If humankind never learned to play with its food, it would never have learned to play with its ingredients, and the world would be one bereft bowl of gruel. Taste the fruits of culinary creativity with today's Groupon to The Pecan Restaurant. Choose between the following options:
- For $35, you get a gourmet southern fusion dinner for two (up to a $75 total value) that includes:
- One shared appetizer (up to a $15 value)
- Two entrees (up to a $30 value each)
- For $65, you get a gourmet southern fusion dinner for four (up to a $150 total value) that includes:
- Two shared appetizers (up to a $15 value each)
- Four entrees (up to a $30 value each)
The Pecan's executive chef and owner Tony Morrow regales diners with a menu of traditional southern fare infused with international influences. An evening of intimate chit-chat and discreet lip smacking begins with a choice of four appetizers, ranging from a sautéed Tybee Island crab cake to savory antipasto, a piquant dish of vine-ripened tomatoes smothered in a Tuscan trinity of feta cheese, basil oil, and a balsamic reduction. Trade stories about pastoral childhoods between bites of lightly pepper-crusted New Zealand lamb chops as you sculpt a flattering rendition of your tablemate's face out of a side of garlic mashed potatoes, or startle awake dozing taste buds with a spicy menagerie of blackened shrimp and Cajun angel-hair pasta. Resting atop a bed of pepper jack grits, the fried catfish mixes southern fare with Italian ingredients that harbor secret suspicions about the vegetarian portobello napoleon.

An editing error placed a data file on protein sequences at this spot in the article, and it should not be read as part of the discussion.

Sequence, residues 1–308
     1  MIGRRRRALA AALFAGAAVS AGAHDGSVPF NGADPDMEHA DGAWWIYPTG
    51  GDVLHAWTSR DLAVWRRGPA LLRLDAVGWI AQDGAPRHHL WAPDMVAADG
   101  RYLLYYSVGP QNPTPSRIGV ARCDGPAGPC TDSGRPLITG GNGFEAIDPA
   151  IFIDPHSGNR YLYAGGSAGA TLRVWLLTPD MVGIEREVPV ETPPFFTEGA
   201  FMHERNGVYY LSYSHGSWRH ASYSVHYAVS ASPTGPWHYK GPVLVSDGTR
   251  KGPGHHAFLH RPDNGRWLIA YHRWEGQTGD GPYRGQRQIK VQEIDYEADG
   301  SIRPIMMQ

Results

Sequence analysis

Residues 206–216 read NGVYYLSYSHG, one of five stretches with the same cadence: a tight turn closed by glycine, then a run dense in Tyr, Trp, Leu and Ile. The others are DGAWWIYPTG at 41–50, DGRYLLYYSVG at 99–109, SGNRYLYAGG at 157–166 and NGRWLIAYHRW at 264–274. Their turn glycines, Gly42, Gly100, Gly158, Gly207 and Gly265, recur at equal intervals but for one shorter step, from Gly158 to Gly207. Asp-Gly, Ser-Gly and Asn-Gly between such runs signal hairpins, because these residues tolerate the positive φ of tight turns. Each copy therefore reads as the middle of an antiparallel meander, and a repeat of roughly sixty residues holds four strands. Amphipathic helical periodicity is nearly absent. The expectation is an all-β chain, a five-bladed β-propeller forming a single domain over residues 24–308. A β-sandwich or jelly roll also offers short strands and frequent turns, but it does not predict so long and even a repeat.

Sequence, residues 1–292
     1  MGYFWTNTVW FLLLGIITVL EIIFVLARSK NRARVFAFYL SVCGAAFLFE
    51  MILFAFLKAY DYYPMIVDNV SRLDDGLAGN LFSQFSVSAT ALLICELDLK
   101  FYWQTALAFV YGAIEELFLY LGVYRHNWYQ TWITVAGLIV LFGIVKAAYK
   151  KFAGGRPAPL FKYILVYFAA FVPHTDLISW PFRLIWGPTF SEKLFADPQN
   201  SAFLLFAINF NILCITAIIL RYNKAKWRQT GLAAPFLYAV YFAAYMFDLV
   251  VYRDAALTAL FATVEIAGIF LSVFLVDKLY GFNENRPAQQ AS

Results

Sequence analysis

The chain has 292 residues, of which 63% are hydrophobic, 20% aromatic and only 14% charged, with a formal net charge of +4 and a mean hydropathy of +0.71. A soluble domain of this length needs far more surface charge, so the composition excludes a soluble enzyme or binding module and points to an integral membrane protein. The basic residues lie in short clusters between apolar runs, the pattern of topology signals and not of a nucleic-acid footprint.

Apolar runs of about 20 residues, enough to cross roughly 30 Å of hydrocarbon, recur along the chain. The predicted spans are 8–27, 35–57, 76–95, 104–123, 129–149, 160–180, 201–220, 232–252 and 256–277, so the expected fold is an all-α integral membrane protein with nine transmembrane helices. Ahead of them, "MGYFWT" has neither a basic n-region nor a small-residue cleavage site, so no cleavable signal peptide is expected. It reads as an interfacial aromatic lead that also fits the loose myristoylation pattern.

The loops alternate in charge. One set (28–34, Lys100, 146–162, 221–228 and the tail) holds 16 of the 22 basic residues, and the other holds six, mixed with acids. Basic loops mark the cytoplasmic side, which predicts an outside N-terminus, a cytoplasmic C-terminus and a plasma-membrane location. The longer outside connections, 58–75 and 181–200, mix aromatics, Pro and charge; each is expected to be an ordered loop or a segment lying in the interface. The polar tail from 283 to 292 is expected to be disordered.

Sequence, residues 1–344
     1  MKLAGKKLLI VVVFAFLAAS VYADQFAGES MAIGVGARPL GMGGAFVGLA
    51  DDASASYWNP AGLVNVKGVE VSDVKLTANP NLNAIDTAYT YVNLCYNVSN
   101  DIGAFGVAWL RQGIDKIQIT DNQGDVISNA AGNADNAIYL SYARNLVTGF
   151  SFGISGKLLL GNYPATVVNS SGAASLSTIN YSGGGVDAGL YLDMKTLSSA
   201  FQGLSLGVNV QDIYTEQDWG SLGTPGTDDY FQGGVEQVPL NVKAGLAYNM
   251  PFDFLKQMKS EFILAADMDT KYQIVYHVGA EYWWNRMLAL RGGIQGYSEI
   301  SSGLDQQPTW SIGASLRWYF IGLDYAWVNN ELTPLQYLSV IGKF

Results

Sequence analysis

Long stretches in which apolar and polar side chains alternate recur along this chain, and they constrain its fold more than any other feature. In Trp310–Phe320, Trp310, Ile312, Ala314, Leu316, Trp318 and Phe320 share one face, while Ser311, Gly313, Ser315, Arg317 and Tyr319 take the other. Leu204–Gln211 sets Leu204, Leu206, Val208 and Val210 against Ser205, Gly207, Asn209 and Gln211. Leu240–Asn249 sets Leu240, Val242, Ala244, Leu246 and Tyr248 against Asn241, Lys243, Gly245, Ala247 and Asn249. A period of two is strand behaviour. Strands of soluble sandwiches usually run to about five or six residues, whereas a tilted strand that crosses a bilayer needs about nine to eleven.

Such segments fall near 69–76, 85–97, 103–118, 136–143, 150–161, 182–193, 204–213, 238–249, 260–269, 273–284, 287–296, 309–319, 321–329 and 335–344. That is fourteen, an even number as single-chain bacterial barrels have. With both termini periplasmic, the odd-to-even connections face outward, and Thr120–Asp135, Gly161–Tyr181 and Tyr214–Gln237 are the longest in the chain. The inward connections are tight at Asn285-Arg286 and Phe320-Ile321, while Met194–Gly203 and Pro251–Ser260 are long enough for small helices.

Bright, golden light fixtures and majestic red curtains enclose patrons beneath the high ceilings of The Pecan's intimate dining room. The restaurant's white tablecloths and blond-hued wood floors create a warm and enticing space, and the exposed-brick wall—emblazoned with a Coca-Cola ad from 1917—provides a convenient counting exercise whenever there's a lull in conversation.
The Pecan Restaurant
The Pecan Restaurant's head chef Tony Morrow collects ingredients from the recipes of his favorite chefs, finding ways to work each of them into his own cuisine. The first flavor he fell in love with was pecans, a staple of his mother's cooking. Later in life, he encountered the rich spices of Cajun and Indian cooking, the perfectly prepared meats in French recipes, and the delicate pastas of the best Italian kitchens. He took these culinary experiences and, inspired, created his own masterpieces with each one, blending and changing each until he created a type of southern cooking all his own.
He serves his fusion food in a classic southern-style dining room full of light woods and white tablecloths complemented by the deep red curtains that hang around the space. During the eatery’s remodeling, a giant Coca-Cola advertisement—first painted in 1917—was discovered beneath the room’s drywall. Now re-exposed and retouched, it emblazons an exposed brick wall and adds last-century charm to the dining room, reminding its guests of a time when life was simpler and cola poured from the drinking fountains.